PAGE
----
Three decades later, I understand my mom better.
This past week, two news items seemed to underscore the truth of this post's title.
The first one was a video that has gone viral, of what turned out to be a Malaysian mom beating up her baby - why would these people agree to have themselves recorded?!? - to the outrage of netizens here (many of whom mistakenly thought it was a Filipino mom). The authorities there clarified that this happened months ago and that the said mom has long been incarcerated and serving her jail term.
The second one was a news item of a mom in her early 20's, who shook her baby to death, all because the baby "distracted" her from her Farmville game.
If there was some kind of licensure for motherhood, they would have been irrevocably revoked for these two examples.
All over the world, fertility clinics are booked solid with women who truly define the term expectant moms, because they are really expecting to be able to bear a child after costly treatments and procedures and investing so much time and effort into experiencing the joy of motherhood.
I've seen countless interviews of moms here with upwards of 10 children, who say that the more "blessings" they have, the more possibility there is of one or two of them being some kind of Manny Pacquiao who will turn the family fortune - such as it is - around and be the "answer from heaven" financially.
Some women will remain celibate - a portion by choice, but a portion are those who believe in religion doctrine that says they cannot have children without a husband, and will never experience motherhood.
And I know of some women who are adamantly against motherhood - not in the sense that they want to deny the privilege to others, but in the sense that they refuse to be defined by it in their own lives, and refuse to accept how societal norms insist that they are somehow "incomplete" without children, who know that they are not exactly "maternal material" and have fulfilling lives nonetheless.
Then there are the men - I think we all know who these are - who insist that women are nothing more than baby making machines, and a woman who doesn't do her "duty" is somehow thwarting some cosmic/divine purpose and is "sinning".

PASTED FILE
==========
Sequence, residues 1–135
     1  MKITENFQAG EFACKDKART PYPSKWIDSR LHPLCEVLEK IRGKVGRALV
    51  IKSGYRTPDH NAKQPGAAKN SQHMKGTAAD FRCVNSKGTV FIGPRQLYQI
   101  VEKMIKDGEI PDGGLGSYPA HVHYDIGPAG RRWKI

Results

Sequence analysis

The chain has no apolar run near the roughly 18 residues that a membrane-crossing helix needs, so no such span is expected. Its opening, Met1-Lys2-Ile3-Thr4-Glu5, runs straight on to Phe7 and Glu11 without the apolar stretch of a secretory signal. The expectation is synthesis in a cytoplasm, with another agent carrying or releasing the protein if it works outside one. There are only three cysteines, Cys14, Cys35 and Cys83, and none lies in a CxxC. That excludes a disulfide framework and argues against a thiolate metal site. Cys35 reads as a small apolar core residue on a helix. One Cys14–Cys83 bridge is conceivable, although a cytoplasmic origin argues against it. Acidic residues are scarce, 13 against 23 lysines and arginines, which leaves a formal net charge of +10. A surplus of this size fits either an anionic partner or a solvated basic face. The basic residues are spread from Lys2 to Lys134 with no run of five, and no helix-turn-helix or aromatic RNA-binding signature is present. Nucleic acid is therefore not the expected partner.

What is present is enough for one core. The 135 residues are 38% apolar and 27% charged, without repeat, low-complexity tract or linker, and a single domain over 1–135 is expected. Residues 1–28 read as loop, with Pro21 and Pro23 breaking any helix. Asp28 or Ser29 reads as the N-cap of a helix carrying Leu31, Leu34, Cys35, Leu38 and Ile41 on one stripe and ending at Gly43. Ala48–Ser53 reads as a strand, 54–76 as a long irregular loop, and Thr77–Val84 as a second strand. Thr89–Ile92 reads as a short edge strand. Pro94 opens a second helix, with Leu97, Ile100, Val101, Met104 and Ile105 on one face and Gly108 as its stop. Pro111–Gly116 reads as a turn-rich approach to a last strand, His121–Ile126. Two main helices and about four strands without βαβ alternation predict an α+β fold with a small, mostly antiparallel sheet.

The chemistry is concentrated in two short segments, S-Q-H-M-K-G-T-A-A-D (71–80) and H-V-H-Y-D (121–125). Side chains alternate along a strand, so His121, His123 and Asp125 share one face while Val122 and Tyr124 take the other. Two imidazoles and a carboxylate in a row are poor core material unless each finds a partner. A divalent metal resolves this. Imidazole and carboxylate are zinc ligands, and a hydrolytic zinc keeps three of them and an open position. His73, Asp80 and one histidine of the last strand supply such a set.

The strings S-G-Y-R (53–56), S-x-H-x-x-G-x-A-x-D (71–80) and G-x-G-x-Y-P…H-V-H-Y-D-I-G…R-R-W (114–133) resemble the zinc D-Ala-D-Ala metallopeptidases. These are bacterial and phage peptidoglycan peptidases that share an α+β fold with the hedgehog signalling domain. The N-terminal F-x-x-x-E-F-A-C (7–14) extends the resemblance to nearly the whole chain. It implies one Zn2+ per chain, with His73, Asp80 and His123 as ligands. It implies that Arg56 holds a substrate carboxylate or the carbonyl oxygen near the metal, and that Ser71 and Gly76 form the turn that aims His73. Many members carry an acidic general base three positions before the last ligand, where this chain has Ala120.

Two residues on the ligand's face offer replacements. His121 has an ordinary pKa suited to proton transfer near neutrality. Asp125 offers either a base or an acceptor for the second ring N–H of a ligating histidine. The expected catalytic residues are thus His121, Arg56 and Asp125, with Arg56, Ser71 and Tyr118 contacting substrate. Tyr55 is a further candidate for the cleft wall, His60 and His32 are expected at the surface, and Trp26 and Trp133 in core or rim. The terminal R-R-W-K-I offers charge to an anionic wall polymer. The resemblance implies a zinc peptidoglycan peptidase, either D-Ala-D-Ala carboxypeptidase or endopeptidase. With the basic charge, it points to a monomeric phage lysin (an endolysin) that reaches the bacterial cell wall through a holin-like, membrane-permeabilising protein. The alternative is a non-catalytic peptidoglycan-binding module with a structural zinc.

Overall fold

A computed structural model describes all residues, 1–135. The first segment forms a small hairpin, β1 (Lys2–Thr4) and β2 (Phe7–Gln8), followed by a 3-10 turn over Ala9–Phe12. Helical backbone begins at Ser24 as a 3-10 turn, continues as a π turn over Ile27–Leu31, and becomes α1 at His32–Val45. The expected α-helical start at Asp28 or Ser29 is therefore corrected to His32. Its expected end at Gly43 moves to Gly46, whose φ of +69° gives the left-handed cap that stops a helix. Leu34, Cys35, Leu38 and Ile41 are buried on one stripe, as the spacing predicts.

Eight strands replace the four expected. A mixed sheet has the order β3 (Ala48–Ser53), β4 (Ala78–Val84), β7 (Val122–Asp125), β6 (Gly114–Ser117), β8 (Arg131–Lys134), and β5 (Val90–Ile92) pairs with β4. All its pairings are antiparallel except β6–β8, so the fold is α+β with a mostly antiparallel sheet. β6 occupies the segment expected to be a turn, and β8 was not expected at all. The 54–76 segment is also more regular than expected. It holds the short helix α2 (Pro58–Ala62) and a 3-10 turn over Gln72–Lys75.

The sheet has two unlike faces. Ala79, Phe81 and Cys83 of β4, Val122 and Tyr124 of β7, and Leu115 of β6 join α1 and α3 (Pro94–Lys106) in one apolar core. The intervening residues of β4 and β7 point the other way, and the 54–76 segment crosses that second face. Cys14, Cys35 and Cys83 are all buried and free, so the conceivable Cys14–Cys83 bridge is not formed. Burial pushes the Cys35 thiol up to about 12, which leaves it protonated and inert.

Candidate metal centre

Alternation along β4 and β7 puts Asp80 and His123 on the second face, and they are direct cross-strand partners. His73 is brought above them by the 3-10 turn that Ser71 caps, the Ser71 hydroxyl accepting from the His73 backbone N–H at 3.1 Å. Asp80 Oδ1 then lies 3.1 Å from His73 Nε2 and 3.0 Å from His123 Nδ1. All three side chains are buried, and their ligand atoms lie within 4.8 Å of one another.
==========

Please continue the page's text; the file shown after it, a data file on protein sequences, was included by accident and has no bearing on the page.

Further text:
All these have given me the perspective that motherhood truly is a privilege.
Those who have it sometimes waste it, use it selfishly, or seem to think so little of it.
Those who can't have it are sometimes the best candidates for it, but are unable to do so.
Those who don't want it are sometimes the ones most capable of having the resources to provide the best environmental support for it.
And on this day, Mother's Day, I dedicate this post to those who have been fortunate enough to experience a mother's love, whether from our family of origin or our family of choice. We, who have experienced how a mother would sacrifice all to give to her children; who knows that a mother will be the last one to fall asleep when we are sick; we, who suffered through corporal punishment, who later realized it was because a mother could not bear to leave this world without imparting what she knows to be right or wrong and wanting us to always remember it; we, who felt our mom being the biggest cheerleader for all our personal triumphs and our counselor when we needed someone to get us through a rough spot.
To those of us who have experienced a mother's love, and are still experiencing it, we are privileged.
It doesn't happen for everyone, despite what Hallmark may want us to believe. I know well enough about the world to know that sometimes, being a mother or having one doesn't mean a bed of roses; there are mothers who actually do more harm than good.
Appreciate mothers while they are alive, because many of us do not have that same privilege already. My heart goes out to them, who long to confide in their mothers but cannot do so anymore. But they should still feel privileged, because they knew of a mother's love in this lifetime.
And to my mom, from whom I derive my (some would call very strong) sense of right and wrong, who taught me to think for myself, for reluctantly giving me my independence and always being open to welcoming me back in her arms, I am privileged to have you as my mother.
Happy Mother's Day to you and to all mothers who viewed motherhood as a privilege, because our lives were enriched because of you. Thank you, thank you, thank you.